53% of applicants exempted from gun ban
MANILA, Philippines — About half of more than 4,000 applications for gun ban exemption were granted by the Commission on Elections (Comelec) before Election Chair Saidamen Pangarungan was given the power to unilaterally grant exemptions.
Out of 4,027 applications submitted since the election gun ban took effect on Jan. 9, the Comelec committee on the ban on firearms and security concerns (CBFSC) approved 2,160, or 53 percent, of the applications.
This includes 256 applicants who appealed after their initial rejection.
The gun ban committee, however, denied 855, or 21 percent, of the applications.
Around 1,000 applications are still pending with the committee as of April 13, according to the records.
On April 12, Comelec Commissioner Socorro Inting resigned as chair of the CBFSC in protest of the April 6 decision of four of the seven poll commissioners to give Pangarungan the blanket authority to grant gun ban exemptions.
“I cannot in good conscience continue to remain as CBFSC chairperson when this same position has already been made inutile due to the enactment of Comelec Resolution No. 10777,” Inting wrote in a memorandum dated April 12 leaked to the press.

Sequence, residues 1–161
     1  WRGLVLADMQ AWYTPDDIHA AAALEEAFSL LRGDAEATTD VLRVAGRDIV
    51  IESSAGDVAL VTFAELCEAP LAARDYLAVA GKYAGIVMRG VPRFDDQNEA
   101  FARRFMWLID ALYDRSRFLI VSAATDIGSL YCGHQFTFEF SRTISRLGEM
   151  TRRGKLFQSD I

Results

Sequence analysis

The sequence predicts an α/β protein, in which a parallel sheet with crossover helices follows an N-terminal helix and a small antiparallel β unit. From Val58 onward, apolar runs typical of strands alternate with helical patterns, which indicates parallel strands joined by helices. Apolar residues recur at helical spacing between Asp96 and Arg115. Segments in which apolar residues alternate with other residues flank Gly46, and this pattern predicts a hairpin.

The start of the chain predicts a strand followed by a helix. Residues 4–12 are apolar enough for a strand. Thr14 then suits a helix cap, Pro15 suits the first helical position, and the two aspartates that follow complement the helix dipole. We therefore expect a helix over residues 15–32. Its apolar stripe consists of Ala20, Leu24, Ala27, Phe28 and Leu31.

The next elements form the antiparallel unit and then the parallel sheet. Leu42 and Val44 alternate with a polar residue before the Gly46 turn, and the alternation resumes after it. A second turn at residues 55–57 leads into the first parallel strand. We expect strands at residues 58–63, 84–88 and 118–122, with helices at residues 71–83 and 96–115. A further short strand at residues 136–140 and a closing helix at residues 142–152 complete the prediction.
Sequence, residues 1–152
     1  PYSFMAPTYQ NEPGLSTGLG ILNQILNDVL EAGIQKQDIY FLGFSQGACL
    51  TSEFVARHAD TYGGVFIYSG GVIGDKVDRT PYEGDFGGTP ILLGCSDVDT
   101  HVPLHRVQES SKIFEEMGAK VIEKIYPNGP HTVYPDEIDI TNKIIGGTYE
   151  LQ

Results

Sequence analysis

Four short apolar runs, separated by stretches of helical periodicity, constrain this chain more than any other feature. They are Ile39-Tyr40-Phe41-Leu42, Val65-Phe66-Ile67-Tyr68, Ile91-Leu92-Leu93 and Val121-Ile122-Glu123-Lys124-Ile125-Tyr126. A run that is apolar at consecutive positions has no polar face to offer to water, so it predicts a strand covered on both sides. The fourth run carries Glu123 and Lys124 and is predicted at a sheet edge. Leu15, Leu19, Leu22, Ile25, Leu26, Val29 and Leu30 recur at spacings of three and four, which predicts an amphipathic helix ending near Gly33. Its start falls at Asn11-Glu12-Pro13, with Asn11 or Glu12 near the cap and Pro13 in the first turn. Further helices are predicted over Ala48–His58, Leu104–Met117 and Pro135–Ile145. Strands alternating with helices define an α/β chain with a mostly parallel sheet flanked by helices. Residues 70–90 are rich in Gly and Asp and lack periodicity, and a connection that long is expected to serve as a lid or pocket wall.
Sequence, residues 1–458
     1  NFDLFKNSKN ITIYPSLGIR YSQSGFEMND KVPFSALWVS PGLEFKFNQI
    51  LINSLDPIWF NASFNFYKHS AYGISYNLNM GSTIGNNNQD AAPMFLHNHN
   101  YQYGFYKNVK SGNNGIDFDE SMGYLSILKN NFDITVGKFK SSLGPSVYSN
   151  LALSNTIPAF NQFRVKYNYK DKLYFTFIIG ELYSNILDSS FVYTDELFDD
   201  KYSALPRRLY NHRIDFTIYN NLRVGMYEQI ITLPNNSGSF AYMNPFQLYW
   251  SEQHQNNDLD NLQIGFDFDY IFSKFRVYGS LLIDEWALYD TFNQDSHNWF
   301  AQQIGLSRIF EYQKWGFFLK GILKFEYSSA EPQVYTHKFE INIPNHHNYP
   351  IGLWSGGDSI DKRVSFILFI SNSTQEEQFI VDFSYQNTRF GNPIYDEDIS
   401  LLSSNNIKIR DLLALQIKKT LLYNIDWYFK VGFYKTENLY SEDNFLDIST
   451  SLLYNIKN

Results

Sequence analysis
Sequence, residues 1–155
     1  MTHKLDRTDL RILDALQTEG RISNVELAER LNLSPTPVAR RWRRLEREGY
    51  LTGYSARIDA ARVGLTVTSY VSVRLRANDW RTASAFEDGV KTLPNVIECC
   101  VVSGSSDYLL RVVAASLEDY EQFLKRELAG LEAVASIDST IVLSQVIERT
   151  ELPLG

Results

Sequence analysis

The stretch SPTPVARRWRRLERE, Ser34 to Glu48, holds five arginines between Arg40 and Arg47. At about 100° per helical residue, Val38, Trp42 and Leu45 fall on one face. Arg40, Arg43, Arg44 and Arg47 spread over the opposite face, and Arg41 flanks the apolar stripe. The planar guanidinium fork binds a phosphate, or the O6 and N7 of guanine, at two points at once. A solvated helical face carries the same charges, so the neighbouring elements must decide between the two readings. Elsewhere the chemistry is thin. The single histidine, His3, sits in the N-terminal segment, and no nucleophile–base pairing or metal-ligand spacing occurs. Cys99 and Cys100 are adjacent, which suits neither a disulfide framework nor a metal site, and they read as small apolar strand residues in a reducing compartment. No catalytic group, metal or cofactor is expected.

“In protest, I hereby irrevocably resign as CBFSC chairperson effective immediately,” she added.
Pangarungan had said he would exercise his unilateral power only in “urgent and meritorious” cases.
The gun ban will be in effect until June 8.
The Comelec also gave Pangarungan the authority to place election hot spots under Comelec control.
So far no area has been placed under Comelec control.
The Comelec had also granted automatic gun ban exemptions to senior government officials along with two security aides each.
Automatically exempted from the gun ban are the president and vice president; Senate president and senators; House speaker and representatives; chief justice and justices of the Supreme Court, Court of Appeals, Sandiganbayan, and the Court of Tax Appeals; and trial court judges.
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